I used to live in NOVA. I like it, but I prefer Texas overall. But to each his own.

Anyway, here's the weather forecast for the next few days here:

https://weather.com/weather/5day/l/USTX0234:1:US

Highs in the 80s, lows in the mid 50s to low 60s. And sunny, sunny, sunny. Yes, I can live with that!

November weather averages in Texas are not in the 80s. The average November temps throughout Texas are highs in the 60s and lows in the 40s - and plenty of sunshine. That's fantastic weather in my opinion, but hey, that's just me.
https://www.currentresults.com/Weath...e-november.php

I just really hate misinformation.

By the way, I've lived here for 23 years. I know when I can wear scarves and boots - starting in October and on through February. Not necessarily because it's freezing cold, but because it's nice and crisp - and sunny, with the biggest, bluest sky I've ever seen.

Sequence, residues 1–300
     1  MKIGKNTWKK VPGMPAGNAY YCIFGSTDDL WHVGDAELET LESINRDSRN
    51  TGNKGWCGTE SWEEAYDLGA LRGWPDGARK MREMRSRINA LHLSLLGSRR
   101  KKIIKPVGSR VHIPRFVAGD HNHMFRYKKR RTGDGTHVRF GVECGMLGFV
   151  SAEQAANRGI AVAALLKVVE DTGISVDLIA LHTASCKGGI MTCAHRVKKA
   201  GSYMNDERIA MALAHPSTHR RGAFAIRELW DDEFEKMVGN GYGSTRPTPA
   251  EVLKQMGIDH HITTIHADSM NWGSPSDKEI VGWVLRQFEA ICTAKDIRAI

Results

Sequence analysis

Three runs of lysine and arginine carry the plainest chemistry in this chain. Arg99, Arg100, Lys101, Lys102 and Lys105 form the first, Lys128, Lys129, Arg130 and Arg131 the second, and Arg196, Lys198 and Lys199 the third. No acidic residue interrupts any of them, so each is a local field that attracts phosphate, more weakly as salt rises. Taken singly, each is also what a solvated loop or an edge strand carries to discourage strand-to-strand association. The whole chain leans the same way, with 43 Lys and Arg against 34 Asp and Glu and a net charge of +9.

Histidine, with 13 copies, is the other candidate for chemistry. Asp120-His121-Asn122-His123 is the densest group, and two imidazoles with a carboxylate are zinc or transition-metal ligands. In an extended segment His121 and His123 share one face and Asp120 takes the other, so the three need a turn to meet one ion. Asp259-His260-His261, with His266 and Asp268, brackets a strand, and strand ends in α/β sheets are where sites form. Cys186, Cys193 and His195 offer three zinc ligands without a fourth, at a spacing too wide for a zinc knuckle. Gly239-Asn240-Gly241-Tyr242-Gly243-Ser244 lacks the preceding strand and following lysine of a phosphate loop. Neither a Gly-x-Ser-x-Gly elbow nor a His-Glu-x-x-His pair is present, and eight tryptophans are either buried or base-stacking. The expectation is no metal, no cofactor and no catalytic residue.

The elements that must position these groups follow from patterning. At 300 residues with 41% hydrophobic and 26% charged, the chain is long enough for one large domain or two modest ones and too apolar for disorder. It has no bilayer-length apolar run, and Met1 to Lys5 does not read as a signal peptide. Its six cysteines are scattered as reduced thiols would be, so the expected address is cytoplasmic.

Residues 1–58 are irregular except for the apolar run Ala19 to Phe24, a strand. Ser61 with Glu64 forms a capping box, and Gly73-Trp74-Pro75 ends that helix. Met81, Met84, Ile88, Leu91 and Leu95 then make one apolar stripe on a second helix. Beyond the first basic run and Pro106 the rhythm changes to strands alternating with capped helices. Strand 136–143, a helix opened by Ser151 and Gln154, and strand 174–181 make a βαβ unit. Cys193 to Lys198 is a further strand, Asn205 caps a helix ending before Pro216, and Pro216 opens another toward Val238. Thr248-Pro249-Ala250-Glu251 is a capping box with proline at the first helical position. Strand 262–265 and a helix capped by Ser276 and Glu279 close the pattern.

It's fabulous. Well worth the summers in my opinion but to each his own, like I said.
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Old 09-27-2016, 07:23 AM
 
Location: Wonderland
44,695 posts, read 36,132,256 times
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Quote:
Originally Posted by Westerntraveler View Post
I heard its gonna be 63 for the high in my part of Texas on monday according to one local station.
NICE!

I am looking forward to lows in the 50s over the next few days. Maybe I'll crank the hot tub up, who knows?
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Old 09-27-2016, 07:33 AM
 
Location: Wonderland
44,695 posts, read 36,132,256 times
Reputation: 63270
Quote:
Originally Posted by MassVt View Post